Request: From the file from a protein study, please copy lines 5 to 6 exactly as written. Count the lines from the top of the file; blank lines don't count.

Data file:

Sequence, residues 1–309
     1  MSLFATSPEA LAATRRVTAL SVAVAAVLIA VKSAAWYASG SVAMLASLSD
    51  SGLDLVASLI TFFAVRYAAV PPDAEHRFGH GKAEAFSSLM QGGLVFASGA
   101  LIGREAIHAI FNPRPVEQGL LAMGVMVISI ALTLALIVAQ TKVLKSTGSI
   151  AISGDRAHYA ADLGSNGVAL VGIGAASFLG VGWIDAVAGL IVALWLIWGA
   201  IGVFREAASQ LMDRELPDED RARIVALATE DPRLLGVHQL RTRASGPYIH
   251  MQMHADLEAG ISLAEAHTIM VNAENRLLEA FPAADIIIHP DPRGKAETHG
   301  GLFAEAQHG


   151  AISGDRAHYA ADLGSNGVAL VGIGAASFLG VGWIDAVAGL IVALWLIWGA
   201  IGVFREAASQ LMDRELPDED RARIVALATE DPRLLGVHQL RTRASGPYIH